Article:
Family & Friends of Lilia Aucapina Seek Homicide Investigation

Lilia Esperanza Parra Aucapina's brother, Carlos Parra, and her niece,Maria Duchi, share a moment of silence in memory of their sister and aunt in front of Southampton Town Hall on Tuesday.
Lilia Aucapina’s brother, Victor Parra, and her niece, Maria Duchi (center), share a moment of silence in memory of their sister and aunt in front of Southampton Town Hall on Tuesday.

Two weeks after Lilia Esperanza Parra Aucapina’s body was found hanging in the woods just a short walk from her Sagaponack home, her family is now facing a new puzzle: how the police could be treating the death of a vivacious mother as a suicide.

Tuesday morning, supporters of Ms. Aucapina’s family began gathering for a vigil in front of Southampton Town Hall at around 11:30 a.m. By just after noon, nearly 100 people stood, holding banners begging for justice, and occasionally breaking into a chant:

“¿Que lo queremos? ¡Justicia! ¿Cuando? ¡Ahora!,” they’d blurt out: “What do we want? Justice! When? Now!”

Those chants were followed, over the course of about an hour, by brief, insistent cries of “no Justice, no peace,” followed by a retreat back to silence.

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Ms. Aucapina, 40, born in Ecuador and known to many friends by her middle name, Esperanza, was a mother of two and a housekeeper, who volunteered in her spare time. She was reported missing in early October, followed by an extensive search that culminated when a hunter found her body hanging from a tree in the woods not far from her house on Nov. 21.

Lilia Aucapina
The photo of Lilia Aucapina on missing person posters was taken on the steps of the Lincoln Memorial in Washington, D.C.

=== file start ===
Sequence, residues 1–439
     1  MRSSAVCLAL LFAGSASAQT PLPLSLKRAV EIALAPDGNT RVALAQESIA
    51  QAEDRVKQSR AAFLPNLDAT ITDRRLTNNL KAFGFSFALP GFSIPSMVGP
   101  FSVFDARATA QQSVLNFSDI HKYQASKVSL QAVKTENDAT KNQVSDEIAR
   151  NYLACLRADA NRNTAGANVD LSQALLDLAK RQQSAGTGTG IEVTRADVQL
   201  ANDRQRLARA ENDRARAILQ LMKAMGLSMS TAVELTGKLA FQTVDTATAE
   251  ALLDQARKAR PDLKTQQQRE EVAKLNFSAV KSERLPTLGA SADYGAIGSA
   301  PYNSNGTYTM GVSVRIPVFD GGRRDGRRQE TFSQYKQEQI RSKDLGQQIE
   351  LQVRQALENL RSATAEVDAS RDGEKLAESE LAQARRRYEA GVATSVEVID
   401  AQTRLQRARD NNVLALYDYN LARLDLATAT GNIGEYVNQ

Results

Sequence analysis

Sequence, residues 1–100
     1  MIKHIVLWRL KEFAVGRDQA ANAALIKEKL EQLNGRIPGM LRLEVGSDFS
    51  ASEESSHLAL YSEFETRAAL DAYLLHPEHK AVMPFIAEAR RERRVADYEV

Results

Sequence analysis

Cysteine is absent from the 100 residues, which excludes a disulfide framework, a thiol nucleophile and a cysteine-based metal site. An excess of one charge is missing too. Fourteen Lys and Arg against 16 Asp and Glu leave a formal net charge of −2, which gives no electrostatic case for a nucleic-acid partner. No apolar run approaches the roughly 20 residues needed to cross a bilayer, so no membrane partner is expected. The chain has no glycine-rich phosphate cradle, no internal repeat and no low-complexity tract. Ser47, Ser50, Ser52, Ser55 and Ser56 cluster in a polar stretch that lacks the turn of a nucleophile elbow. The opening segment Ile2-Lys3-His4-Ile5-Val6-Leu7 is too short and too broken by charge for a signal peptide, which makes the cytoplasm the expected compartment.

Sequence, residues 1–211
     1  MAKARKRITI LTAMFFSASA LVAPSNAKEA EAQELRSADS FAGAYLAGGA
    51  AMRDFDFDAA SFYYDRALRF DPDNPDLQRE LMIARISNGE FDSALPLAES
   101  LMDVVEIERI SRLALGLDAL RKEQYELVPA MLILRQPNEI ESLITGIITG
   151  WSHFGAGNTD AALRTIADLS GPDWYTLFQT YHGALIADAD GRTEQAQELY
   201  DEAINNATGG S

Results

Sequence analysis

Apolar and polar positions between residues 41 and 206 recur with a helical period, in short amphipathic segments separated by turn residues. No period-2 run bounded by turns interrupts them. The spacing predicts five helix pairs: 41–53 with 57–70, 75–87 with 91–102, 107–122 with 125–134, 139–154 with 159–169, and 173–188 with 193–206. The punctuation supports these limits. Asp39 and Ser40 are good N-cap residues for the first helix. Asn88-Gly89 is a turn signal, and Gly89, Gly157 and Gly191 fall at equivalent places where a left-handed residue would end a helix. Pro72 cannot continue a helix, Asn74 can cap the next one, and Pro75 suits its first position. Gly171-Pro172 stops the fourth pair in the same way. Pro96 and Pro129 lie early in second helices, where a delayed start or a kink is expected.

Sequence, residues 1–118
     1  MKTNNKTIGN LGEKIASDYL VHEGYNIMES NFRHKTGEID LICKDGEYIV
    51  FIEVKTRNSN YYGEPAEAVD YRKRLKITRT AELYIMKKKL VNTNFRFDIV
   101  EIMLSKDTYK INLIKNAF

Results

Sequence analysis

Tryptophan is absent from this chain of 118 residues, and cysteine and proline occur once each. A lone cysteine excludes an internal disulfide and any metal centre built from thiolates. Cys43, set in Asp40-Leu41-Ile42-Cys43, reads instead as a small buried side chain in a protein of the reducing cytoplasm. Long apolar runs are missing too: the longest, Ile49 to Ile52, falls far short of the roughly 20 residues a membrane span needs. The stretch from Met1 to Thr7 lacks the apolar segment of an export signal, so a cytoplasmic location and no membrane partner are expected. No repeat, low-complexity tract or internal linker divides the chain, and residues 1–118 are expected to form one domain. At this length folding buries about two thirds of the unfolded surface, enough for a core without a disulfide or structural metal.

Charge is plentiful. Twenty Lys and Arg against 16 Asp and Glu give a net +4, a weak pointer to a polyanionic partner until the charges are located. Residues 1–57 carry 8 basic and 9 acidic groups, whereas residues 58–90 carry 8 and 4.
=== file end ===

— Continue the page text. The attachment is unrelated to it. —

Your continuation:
Police are now treating the case as a suicide, which doesn’t sit well with people who knew Ms. Aucapina, nor with her family’s legal consultants, who wonder why the police did not find her body sooner, in an area of light underbrush in the woods near her home.

“We haven’t heard anything from anybody,” said Ms. Duchi. “The only thing that we’ve heard, and that they’ve told us, is that the case is closed.”

“We haven’t gotten the complete results of the autopsy, but to them the case is closed,” she added. “They keep saying this case is a suicide. Family, friends, community members, religious communities, people that work with her, people that she volunteered with, a lot of people that knew her know that this is not her.”

Ms. Aucapina’s brother, Victor Perra, said he’s also still waiting for answers.

“What happened to us, we don’t want to happen to other people,” he said.

Pastor Hoover Ariza of the Ministerio Restauracion a las Naciones echoed that sentiment.

“We don’t want this to happen to any other families,” he said, adding that he had personally gone to the police and received no answers. “In this place where our sister was found, there is a frustration and a concern. We need to have a force and be a voice so we could all be one, to do what’s good for the community.”